C++ allows you to mix variable types in a single expression. That is, you are allowed to add an integer with a double precision floating-point value. In the following expression, for example, nValue1 is allowed to be an int:

// in the following expression the value of nValue1
// is converted into a double before performing the
// assignment
int nValue1 = 1;
nValue1 + 1.0;

An expression in which the two operands are not the same type is called a mixed mode expression. Mixed mode expressions generate a value whose type is equal to the more capable of the two operands. In this case, nValue1 is converted to a double before the calculation proceeds. Similarly, an expression of one type may be assigned to a variable of a different type, as in the following statement:

// in the following assignment, the whole
// number part of fVariable is stored into nVariable
double dVariable = 1.0;
int nVariable;
nVariable = dVariable;

image You can lose precision or range if the variable on the left side of the assignment is smaller. In the preceding example, C++ truncates the value of dVariable before storing it in nVariable.

Converting a larger value type into a smaller value type is called demotion, whereas converting values in the opposite direction is known as promotion. Programmers say that the value of int variable nVariable1 is promoted to a double in expressions such as the following:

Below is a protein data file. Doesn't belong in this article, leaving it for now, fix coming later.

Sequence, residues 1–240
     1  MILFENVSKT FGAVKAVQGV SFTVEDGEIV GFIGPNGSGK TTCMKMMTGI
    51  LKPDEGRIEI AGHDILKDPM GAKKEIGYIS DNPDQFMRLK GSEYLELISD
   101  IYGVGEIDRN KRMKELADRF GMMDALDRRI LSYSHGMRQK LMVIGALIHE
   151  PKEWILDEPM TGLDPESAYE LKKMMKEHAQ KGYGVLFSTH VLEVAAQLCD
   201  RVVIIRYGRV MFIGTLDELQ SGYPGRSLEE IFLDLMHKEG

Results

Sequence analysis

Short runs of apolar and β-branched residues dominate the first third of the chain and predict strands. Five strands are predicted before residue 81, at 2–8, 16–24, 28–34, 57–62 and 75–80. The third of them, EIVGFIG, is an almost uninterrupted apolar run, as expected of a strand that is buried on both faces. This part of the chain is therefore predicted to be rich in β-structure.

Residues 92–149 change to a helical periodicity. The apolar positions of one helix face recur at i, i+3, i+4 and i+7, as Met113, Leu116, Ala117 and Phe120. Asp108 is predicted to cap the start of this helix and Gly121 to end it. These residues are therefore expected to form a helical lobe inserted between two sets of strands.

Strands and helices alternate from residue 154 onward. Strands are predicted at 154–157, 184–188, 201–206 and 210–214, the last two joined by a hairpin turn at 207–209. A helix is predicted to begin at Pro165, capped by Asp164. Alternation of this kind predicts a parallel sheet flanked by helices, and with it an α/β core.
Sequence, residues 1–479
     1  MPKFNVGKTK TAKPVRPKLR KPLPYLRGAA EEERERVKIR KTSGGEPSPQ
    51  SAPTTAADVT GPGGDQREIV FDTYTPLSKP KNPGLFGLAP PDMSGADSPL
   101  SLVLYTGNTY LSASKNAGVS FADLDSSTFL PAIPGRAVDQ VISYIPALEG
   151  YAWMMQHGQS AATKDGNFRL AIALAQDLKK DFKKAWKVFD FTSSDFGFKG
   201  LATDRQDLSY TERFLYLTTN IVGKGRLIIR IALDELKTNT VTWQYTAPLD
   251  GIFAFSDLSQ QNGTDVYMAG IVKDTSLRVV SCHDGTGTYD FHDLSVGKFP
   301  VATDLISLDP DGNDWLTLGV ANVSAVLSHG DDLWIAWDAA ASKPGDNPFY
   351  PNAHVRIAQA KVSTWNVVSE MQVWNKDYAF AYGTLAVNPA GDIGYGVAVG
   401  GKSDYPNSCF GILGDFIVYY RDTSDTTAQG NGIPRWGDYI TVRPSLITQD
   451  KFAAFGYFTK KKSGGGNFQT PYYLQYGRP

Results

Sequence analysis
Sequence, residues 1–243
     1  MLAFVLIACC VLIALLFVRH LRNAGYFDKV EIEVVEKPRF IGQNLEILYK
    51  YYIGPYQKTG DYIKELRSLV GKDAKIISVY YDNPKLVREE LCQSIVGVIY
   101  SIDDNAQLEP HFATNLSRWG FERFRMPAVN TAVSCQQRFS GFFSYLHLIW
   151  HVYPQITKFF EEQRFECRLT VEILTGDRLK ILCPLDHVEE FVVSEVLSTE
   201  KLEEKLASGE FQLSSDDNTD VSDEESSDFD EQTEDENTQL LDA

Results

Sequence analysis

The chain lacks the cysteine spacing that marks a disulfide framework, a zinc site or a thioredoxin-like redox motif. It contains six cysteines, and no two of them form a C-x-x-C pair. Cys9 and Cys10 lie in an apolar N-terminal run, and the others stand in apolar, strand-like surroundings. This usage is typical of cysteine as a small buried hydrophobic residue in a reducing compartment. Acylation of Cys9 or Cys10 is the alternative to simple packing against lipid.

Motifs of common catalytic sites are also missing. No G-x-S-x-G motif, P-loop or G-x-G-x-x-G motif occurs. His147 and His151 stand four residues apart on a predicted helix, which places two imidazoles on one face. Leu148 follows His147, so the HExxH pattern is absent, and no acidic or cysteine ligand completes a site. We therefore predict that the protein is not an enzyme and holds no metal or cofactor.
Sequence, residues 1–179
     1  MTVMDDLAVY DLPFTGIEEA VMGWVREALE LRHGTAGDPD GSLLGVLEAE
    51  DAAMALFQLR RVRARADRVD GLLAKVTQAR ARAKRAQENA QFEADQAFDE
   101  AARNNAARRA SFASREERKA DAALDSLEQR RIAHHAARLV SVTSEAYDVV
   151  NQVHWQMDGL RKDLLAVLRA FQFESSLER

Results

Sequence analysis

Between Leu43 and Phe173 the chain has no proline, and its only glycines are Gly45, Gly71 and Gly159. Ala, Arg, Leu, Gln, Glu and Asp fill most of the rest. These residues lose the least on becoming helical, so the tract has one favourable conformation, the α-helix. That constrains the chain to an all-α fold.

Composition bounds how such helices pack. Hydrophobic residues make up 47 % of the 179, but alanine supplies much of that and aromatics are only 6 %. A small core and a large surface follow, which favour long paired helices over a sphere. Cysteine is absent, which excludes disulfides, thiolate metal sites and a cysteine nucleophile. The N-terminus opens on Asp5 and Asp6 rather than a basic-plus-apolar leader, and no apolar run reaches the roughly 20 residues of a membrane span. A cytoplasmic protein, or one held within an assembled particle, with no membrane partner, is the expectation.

int nVariable1 = 1;
double dVariable = nVariable1;

image Mixed mode expressions are not a good idea. Avoid forcing C++ to do your conversions for you.

Naming conventions

You may have noticed that the name of each of the variables that I create begins with a special character that seems to have nothing to do with the name. These special characters are not special to C++ at all; they are merely meant to jog the reader’s memory and indicate the type of the variable. A partial list of these special characters follows. Using this convention, I can immediately recognize dVariable as a variable of type double, for example.















Religious wars worse than the True Value of BitCoin have broken out over whether or not this naming convention clarifies C++ code. It helps me, so I stick with it. Try it for awhile. If after a few months, you don’t think it helps, feel free to change your naming convention.

Automatic Declarations

image If you are really lazy, you can let C++ determine the types of your variables for you. Consider the following declaration:

int nVar = 1;

You might ask, “Why can’t C++ figure out the type of nVar?” The answer is, it will if you ask nicely, as follows:

auto var1 = 1;
auto var2 = 2.0;

This says, “declare var1 to be a variable of the same type as the constant value 1 (which happens to be an int) and declare var2 to be the same type as 2.0 (which is a double).”

image I consider the term auto to be a particularly unfortunate choice for this purpose because prior to C++ ’11, the keyword auto had a completely different meaning. However, auto had fallen out of use for at least 20 years, so the standards people figured that it would be safe to usurp the term. Just be aware that if you see the keyword auto in some old code, you will need to remove it.

image You can also tell C++ that you want a variable to be declared to be of the same type as another variable, whatever that might be, using the keyword decltype().

int var1;
decltype(var1) var2; // declare var2 to be of the
// same type as var1

C++ replaces the decltype(var1) with the type of var1, again an int.